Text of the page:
What is the best way to use fluoride?
Q. Why are dentists always recommending more fluoride? Doesn’t my regular toothpaste already have fluoride in it?
A. Yes, your normal toothpaste contains fluoride. Most city water systems have fluoride added to them also. For some people, this amount of fluoride is sufficient. For others that are more prone to decay, a higher level of fluoride may be indicated.
The enamel of teeth is made up of a framework of crystals. This crystal framework and its fillers are what is destroyed by the acid that decay-causing bacteria produce. When teeth are exposed to acidic substances (like sodas and sports drinks) regularly, it creates an environment that accelerates this process. When fluoride is incorporated into the crystals of the tooth structure, it makes them less susceptible to being dissolved and slows the decay rate.
In addition to being incorporated into the crystalline structure of teeth, fluoride also has antibacterial properties. At low pH, it interferes with the enzymes that bacteria use to break sugar into acids to break down your teeth.
Sources of fluoride
You can get fluoride in two ways: systemically (swallowed and then the body absorbs it into the system) and topically (applied to the surface of the tooth). The main source of systemic fluoride exposure is fluoride-supplemented water. Most city water systems contain a small amount of fluoride (around 1 ppm). Topical fluoride includes your normal toothpaste, prescription strength rinses, foams, gels, varnishes, and toothpastes dispensed by your dentist.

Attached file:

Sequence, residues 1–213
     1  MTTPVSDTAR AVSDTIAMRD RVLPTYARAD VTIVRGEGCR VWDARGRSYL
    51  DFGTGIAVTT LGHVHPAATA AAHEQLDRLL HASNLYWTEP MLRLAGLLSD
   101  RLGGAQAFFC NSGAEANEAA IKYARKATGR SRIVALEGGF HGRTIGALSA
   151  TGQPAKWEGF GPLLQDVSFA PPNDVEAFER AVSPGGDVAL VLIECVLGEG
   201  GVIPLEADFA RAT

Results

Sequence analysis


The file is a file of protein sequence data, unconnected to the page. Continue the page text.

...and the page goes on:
How to know if you need more fluoride
For those who take good care of their teeth, over-the-counter toothpaste likely contains enough fluoride to prevent decay. However, if your teeth are regularly exposed to things that accelerate decay like sugary and acidic foods and beverages and dry mouth you may benefit from higher levels of fluoride in your dental hygiene routine.
Fluoride will benefit your teeth the most when they are exposed to it on a regular basis. For this reason, the best way to prevent decay is to focus on consistent application of topical fluoride treatments.